New Online Appointment System and Call Center to Simplify Getting COVID-19 Vaccine | Palmetto Politics


COLUMBIA – A one-stop online scheduling system for COVID-19 vaccine appointments in South Carolina is set to launch next week, replacing a nightmarish multistep registration process that even health officials call a four letter word.

A telephone helpline specifically for questions about vaccines and assistance in making appointments, with a larger number of operators, should also help the elderly to get vaccinated, which should mean that callers will actually pass.

Both should be operational next week. Stay tuned for more details, Dr Brannon Traxler, the state’s director of public health, told reporters on Friday.

His schedule, though still vague, came a day after Marshall Taylor, acting director of the State Department of Health and Environmental Control, gave lawmakers a lot of “days or weeks.” more vague for the simplified system, assuring them that it wouldn’t be “months or a month.”

The DHEC system which went live on January 13, when people aged 70 and over became eligible for an injection, involves checking a state website for green dots on a map – indicating where appointments are available – then contacting that provider to register.

But that’s just the first layer of hassle. The next steps involve the Federal Vaccine Administration Management System, or VAMS. And that requires having an email address, something many of South Carolina’s most vulnerable residents lack.

The system also slows down suppliers. The Medical University of South Carolina needs nine people a day just to enter data into VAMS, which could be redeployed to a vaccination clinic, said Dr Patrick Cawley, CEO of MUSC Health.

Further complicating matters are issues within the system, including the added irritation that VAMS “spontaneously cancels appointments,” Taylor said.

Hospitals resume COVID vaccination efforts in SC, but available doses cannot meet demand

He promised senators on January 12 that a replacement was underway.

“VAMS is a four letter word, and we don’t like it either,” Taylor said Thursday. “It’s a difficult system to use for providers, and DHEC, and the public, most importantly.”

In DHEC’s new centralized online system, people will see providers’ available appointment times and can schedule both their first and second shots. The follow-up shot, several weeks after the first, is necessary for immunity, for both Pfizer and Moderna vaccines.

Those who do not have an email can call the new hotline to make an appointment.

“It’s going to be a much less clunky system than VAMS, and we think it will make things a lot easier,” Taylor said.

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DHEC’s new call center will initially be made up of 100 people, which will grow to several hundred people, he said.

DHEC already has a call center, but its operators answer questions and manage appointments for everything the huge agency handles. Its workforce was doubled to 60 on January 13 after a flood of calls from newly eligible seniors made it completely unusable.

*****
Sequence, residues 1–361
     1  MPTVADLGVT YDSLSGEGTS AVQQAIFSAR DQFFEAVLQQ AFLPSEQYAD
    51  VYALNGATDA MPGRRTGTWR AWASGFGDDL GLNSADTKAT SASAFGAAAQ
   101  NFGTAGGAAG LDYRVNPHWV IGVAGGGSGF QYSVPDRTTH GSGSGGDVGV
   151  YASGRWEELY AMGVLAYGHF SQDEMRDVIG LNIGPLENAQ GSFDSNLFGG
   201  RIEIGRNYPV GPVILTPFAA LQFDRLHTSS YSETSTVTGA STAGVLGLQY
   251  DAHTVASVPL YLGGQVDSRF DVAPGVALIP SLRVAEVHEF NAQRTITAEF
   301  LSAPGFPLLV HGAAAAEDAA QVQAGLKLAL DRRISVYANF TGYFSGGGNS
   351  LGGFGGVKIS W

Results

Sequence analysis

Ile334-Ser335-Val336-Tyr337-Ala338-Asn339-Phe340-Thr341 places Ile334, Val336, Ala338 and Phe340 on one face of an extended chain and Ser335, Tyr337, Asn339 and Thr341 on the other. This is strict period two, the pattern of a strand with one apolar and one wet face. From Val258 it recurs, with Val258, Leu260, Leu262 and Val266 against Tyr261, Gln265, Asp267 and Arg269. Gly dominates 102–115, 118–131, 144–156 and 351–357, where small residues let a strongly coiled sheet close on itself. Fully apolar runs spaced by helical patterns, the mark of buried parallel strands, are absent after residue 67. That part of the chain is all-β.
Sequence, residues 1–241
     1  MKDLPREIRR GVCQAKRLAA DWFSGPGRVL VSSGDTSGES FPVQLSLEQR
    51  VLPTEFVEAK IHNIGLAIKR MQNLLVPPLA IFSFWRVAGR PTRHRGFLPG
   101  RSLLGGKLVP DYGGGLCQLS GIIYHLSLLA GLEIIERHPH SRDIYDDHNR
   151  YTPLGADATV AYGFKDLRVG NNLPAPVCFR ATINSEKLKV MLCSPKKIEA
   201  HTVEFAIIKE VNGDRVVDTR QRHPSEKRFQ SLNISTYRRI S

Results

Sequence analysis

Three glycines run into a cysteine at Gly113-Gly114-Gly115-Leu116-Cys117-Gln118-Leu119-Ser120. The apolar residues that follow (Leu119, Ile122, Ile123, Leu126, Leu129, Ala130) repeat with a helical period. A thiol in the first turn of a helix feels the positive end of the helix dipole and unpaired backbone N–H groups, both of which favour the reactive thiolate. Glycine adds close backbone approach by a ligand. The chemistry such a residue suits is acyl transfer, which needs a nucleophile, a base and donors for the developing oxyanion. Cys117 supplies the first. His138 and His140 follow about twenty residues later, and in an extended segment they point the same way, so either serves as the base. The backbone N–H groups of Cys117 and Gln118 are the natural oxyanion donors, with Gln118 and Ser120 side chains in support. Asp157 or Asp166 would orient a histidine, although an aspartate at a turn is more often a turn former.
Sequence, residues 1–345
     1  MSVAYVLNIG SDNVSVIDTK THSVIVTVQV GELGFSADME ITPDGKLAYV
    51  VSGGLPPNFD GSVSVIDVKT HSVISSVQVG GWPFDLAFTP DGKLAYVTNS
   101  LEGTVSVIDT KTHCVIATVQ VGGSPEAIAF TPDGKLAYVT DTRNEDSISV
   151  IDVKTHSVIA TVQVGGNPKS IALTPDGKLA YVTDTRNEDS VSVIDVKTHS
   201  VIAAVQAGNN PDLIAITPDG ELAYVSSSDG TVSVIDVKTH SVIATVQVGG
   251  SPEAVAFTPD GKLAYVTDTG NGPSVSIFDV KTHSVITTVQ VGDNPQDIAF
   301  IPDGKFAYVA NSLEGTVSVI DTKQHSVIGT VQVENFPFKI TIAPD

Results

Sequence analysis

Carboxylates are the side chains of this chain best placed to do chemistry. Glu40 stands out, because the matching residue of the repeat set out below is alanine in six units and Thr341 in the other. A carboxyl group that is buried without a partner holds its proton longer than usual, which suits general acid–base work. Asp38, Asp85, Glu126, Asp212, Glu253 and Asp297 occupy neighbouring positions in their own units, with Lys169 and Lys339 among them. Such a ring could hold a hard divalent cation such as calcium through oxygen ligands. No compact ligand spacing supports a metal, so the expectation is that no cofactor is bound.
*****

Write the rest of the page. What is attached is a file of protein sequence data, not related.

Until the designated vaccine call center is operational, Taylor said, people should continue to visit DHEC’s website if possible, as line-of-care wait times will continue. to be long.

“I’m sorry that people have to wait and not be able to pass,” he said.

How to allocate the limited supply of HC vaccines statewide will be decided by the DHEC board of directors.

Earlier this week, South Carolina’s largest hospital system, Prisma, announced it was making visits to its drive-thru vaccination sites in Columbia and Greenville. The same-day assistance was a recognition that many members of the population aged 70 and over do not have internet access to make an appointment or, even if they do, may not be in touch. able to navigate the cumbersome online registration system. .

Thousands of eligible seniors were vaccinated without an appointment in the drive-thru that began on Monday.

But on Friday, Prisma said the Greenville site would no longer accept visits and the Columbia location would likely follow.

“Our supply has now shrunk,” said Dr Saria Saccocio, chief ambulatory physician at Prisma Health. “We do not have an excess stock of vaccines.”

Prisma officials told lawmakers their goal was to vaccinate 10,000 people a day. They came very close on Thursday, with 9,370 people getting a chance at both drive-thru sites. But the ability to achieve the goal, and to do so continuously, depends on the supply.

South Carolina’s weekly federal shipment of approximately 63,000 initial doses – plus second doses, which are ordered separately – are expected to continue for the foreseeable future.

There are even more appointments to get a vaccine than there are doses available statewide, Traxler said.

Prisma alone has registered 100,000 appointments specifically for people aged 70 and over, said Saccocio.

Jessica holdman contributed to this report.


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